0:40:33.9 Teresa Romero: Even if they’re listening to you or they’re talking to you, but they will avoid eye contact. This is a show of the respect. We are taught, since we are very little, that we should not stare. We should not look directly into the eye of someone that we respect. We don’t ask questions, and we don’t question what the doctor says. In this case, you being the nurse as well and giving recommendations and prescribing things, we don’t question, and this is a sign of respect. But not because we don’t have questions. Of course, we do have questions a lot, but we are… We have been taught, since we are little, that we should not ask. That means we should not make questions, and we should not question what the doctor says or what any of these authorities say.

0:41:28.9 Teresa Romero: So what you do, these are my recommendations to you. First of all, try to break the eyes with a smile, and make them… Your patients comfortable and ask them if they have doubts. Note if they have any question, because if when you say, do you have any questions, they would say, no, no questions. Remember we said, no questions. So maybe if you ask if they have doubts, if there is something that is not very clear, and if when you smile to them, you are preparing them to make it very clear to them that it is okay to ask. This is encouraging them, encouraging your patients to go ahead and ask by telling them explicitly that it’s okay to do that. And then if it doesn’t seem to work very well, still you have this other resource, that is, you should ask them to repeat the information that you gave them.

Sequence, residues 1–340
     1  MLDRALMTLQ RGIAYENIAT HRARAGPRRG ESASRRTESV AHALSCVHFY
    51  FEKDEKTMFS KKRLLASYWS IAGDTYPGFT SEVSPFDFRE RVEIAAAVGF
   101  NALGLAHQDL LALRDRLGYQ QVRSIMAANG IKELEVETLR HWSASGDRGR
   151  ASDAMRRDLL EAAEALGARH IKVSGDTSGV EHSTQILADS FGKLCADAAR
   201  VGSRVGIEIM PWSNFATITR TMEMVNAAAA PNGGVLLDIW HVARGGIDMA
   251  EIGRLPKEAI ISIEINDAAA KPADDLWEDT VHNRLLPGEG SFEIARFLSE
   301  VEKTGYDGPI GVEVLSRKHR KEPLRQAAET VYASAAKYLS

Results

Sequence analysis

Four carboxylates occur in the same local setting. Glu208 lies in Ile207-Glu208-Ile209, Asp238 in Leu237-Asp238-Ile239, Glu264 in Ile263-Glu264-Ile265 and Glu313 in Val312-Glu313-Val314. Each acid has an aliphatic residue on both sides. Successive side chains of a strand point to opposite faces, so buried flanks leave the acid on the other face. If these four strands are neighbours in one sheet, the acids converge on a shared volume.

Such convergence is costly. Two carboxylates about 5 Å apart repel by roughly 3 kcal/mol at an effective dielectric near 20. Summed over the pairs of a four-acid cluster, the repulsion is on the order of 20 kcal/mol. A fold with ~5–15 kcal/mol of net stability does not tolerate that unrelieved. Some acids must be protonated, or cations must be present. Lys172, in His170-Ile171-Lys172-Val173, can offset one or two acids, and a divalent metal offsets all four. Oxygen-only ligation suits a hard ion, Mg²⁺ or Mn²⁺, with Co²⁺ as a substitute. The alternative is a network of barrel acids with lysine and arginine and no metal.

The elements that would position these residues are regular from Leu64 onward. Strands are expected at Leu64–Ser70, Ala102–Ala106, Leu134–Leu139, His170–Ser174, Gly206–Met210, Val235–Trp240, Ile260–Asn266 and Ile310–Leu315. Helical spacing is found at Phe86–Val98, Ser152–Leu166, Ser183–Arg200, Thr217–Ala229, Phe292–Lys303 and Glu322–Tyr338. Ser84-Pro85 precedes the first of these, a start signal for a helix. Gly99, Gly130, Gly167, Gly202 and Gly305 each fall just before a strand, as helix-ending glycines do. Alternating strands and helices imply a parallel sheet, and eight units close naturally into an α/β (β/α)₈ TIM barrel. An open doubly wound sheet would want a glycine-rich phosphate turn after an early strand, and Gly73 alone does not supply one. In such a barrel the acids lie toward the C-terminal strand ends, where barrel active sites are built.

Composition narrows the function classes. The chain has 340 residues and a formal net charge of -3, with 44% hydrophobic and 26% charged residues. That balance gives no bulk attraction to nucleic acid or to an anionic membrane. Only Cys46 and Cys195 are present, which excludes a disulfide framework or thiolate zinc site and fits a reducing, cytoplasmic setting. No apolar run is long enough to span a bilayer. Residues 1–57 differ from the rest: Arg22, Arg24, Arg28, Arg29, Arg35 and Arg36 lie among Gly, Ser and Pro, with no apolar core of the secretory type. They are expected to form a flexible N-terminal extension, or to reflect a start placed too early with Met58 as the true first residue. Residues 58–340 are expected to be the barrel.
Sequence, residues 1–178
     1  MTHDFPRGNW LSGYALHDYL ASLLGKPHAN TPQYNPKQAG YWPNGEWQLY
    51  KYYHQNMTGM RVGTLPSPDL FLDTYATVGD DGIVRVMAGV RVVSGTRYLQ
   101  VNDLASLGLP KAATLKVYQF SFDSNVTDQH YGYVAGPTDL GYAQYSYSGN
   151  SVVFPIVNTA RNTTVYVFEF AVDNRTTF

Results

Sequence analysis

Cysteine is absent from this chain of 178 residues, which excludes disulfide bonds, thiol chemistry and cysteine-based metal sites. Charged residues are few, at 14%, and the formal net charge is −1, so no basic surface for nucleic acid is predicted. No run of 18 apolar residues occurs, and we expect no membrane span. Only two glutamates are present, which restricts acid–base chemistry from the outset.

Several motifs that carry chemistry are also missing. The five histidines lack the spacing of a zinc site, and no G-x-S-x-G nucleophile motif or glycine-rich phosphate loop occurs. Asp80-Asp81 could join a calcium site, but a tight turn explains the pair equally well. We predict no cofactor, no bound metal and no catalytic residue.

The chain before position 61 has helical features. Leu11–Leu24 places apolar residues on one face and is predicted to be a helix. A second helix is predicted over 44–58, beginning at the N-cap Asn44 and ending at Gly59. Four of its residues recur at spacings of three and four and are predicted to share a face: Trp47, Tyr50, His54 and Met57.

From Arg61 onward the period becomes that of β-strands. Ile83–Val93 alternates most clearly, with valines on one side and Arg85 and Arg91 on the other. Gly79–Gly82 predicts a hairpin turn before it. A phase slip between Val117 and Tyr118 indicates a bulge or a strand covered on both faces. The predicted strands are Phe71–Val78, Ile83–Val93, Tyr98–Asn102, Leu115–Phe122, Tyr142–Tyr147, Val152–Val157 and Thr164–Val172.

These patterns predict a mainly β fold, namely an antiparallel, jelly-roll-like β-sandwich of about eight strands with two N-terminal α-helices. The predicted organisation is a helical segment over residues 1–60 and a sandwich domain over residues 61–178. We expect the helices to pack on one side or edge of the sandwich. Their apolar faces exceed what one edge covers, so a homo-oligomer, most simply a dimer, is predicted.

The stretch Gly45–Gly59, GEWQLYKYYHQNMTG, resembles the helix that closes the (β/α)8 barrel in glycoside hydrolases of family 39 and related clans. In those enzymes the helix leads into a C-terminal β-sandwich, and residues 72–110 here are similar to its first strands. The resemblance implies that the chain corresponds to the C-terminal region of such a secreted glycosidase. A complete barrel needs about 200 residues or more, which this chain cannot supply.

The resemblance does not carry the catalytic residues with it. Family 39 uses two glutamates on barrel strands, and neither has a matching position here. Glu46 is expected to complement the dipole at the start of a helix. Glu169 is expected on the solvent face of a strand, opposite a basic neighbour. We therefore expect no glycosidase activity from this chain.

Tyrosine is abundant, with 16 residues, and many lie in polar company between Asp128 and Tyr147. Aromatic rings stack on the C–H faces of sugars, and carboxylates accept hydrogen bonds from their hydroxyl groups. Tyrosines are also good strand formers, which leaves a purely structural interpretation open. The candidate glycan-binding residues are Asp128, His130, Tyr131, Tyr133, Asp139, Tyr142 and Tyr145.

0:42:32.8 Teresa Romero: So if you have already shared with them the prescription, you have already recommended something, that you have instructed them to do, or to follow a certain treatment, for example, or if you have given them… I don’t know, an appointment or a date for a later appointment at a later time, and you wanna make sure that they have that clear, don’t ask if they have questions. It’s better to say, okay, could you tell me back, can you repeat to me the information that I just gave you? And in that way you can confirm what you… What the information you gave them, and if they got it right or not. So this is about some of the things that might happen in your consultation because of this respect, this aspect of respect. And the next one is gonna be, the second part of this… Okay. So I’m gonna stop sharing, and I’m gonna reshare again. Okay. I think I’m doing it faster now. Okay. And so this last one.